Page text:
When private eye John Denson travels to Washington State to clear a client of a small-time marijuana charge, he finds himself in the midst of a turf war between the mighty logging industry and the imperiled spotted owl. When a spotted owl is found murdered--strangled, to be precise--Denon's sometime partner Willie Prettybird, a Cowlitz Indian, thinks that the Spirit AnimalWhen private eye John Denson travels to Washington State to clear a client of a small-time marijuana charge, he finds himself in the midst of a turf war between the mighty logging industry and the imperiled spotted owl. When a spotted owl is found murdered--strangled, to be precise--Denon's sometime partner Willie Prettybird, a Cowlitz Indian, thinks that the Spirit Animals want Denson to investigate the killing. That's when things start to get cosmic. First the Corpus Deecti is misplaced...then the beautiful Jennie Maclvar of the Fish and Wildlife Service, who was determined to fin the killer, is murdered...One thing's for certain: this is much more complicated than a simple marijuana case. In fact, Denson may be the next victim.......
|Number of Pages||:||224 Pages|
|Status||:||Available For Download|
|Last checked||:||21 Minutes ago!|
This is a well-detailed layered mystery, looking at the destruction of old forest in Washington State. The PI involved is up here looking into a couple accused of stashing marijuana plants in their shack; they claim it's a plant. The other kind of plant. When the PI Denson helps a stranded driver he strikes up a brief relationship with her; Jennie McIvar is a scientist up here to count spotted owls. The owls need the timber to nest, and are supposedly scarce, but there is some doubt about the numbers. Quite a few people have motive for murder because tensions are high in the district. What the local women think we don't much hear, except for a Native lady who at one point is written into a gratuitous naked scene. Otherwise this lady Donna Cowapoo is a strong character. A murder or two follow, and the local tribe is angered as well as friends of the deceased.The local men are gung-ho for felling trees, because they earn money doing this, and the sawmills earn money milling it to lumber. But the old stand Douglas firs - modern reference, 'Twilight' trees, older reference, 'Twin Peaks', are about six hundred years old, sprouted when Europe had the Black Death. They support particular creatures and varieties of owl. Replanted trees are felled at seventy or eighty years, so when the old ones are gone, they are gone. The local eejits want to kill off the owls if needs be, but the real blame for the loss of jobs, pointed out by just one person, is that private foresters sell timber direct to Japan (today it would also be China) and it is shipped as trunks, not milled in America. The Asians mill it cheaper with cheap labour and they have an unending need for wood, using up everyone else's forests.The sides of the story are well shown and the dangers are not exaggerated, plus the hardened PI is not such a tough guy as he likes to portray. I thought this an excellent read.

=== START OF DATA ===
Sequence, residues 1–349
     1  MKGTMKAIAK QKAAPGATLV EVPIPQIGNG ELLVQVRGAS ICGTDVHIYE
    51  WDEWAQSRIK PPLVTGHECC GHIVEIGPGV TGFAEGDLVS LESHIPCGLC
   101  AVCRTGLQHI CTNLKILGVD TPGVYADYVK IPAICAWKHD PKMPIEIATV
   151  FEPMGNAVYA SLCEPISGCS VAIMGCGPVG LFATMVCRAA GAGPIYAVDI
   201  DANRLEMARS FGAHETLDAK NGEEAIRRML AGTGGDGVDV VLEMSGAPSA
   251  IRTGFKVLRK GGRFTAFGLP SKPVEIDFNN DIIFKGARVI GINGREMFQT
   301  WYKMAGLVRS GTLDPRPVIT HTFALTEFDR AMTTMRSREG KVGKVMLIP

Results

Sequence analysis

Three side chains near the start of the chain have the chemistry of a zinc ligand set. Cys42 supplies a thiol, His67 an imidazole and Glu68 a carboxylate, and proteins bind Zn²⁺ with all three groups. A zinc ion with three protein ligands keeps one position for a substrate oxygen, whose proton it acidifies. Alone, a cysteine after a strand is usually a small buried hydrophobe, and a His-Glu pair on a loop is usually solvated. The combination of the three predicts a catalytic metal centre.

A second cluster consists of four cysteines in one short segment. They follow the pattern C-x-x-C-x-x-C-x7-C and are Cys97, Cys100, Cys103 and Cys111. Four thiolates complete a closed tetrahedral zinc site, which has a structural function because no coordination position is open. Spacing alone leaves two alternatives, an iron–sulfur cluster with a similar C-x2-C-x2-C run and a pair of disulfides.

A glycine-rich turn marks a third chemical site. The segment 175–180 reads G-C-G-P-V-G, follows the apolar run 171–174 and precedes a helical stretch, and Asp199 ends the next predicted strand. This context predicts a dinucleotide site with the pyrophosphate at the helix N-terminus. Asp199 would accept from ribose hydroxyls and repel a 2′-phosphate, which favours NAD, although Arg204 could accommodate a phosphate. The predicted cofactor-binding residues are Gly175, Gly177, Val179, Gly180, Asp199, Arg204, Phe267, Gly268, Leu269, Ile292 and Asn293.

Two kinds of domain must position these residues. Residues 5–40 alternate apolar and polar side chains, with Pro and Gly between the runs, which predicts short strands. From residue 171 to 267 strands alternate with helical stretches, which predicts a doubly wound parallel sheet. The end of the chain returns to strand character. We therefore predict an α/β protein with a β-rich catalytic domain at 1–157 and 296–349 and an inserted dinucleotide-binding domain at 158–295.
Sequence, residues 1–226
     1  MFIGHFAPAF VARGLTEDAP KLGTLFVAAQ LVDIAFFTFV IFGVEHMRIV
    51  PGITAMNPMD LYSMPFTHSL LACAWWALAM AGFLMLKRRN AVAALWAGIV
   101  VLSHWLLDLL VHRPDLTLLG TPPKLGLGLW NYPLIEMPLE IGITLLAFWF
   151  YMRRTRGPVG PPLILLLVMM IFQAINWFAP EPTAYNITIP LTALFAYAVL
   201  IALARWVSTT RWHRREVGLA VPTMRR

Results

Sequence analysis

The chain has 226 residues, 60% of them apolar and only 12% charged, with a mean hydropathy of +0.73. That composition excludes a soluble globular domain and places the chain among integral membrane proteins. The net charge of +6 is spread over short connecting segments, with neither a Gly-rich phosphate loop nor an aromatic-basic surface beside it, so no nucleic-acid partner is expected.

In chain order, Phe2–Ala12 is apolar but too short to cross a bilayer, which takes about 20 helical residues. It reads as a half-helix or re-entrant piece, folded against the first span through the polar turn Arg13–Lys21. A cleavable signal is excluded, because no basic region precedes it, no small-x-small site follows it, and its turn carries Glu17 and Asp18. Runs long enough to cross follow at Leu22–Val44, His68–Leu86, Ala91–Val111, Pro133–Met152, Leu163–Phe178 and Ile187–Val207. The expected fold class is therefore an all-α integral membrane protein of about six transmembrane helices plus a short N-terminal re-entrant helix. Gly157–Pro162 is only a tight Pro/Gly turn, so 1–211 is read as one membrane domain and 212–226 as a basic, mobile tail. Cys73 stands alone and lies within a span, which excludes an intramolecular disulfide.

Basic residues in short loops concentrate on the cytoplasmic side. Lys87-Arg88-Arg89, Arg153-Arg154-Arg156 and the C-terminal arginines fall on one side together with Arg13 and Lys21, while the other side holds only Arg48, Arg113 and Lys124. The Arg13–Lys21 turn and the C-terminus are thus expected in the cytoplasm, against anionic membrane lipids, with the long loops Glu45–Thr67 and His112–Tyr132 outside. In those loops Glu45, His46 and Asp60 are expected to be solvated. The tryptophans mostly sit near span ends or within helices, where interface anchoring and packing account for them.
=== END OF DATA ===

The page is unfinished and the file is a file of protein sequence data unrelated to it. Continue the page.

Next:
#5 in the John Denson series.John Denson series - Stands of centuries-old Douglas firs in Washington State signify safe nesting spots to spotted owls, livelihood to local loggers and big profit to property owners. John Denson is investigating a trumped-up marijuana-growing charge against a young couple in the town of Sixkiller when his Native American assistant, shaman Willie Prettybird, convinces him to represent the ``animal people'' (magic spirits of his tribe) after a spotted owl is found with its neck wrung. Denson agrees, mostly because he was a little in love with a recent murder victim, a young female ecologist who'd come to town to measure the spotted owl population. The plot also involves an upcoming sheriff's election, a handsome but insane wildlife photographer named Adonis and an intricate scam requiring the importing of owls from other states.
Mystery set in Washington State at the height of the logging controversy. A PI in town on another matter gets involved in trying to solve the murder of an ornithologist. I was surprised at all the humor in the novel...I don't often laugh when I read, but there were some really funny scenes. The actual mystery was a bit contrived, but a fun read overall.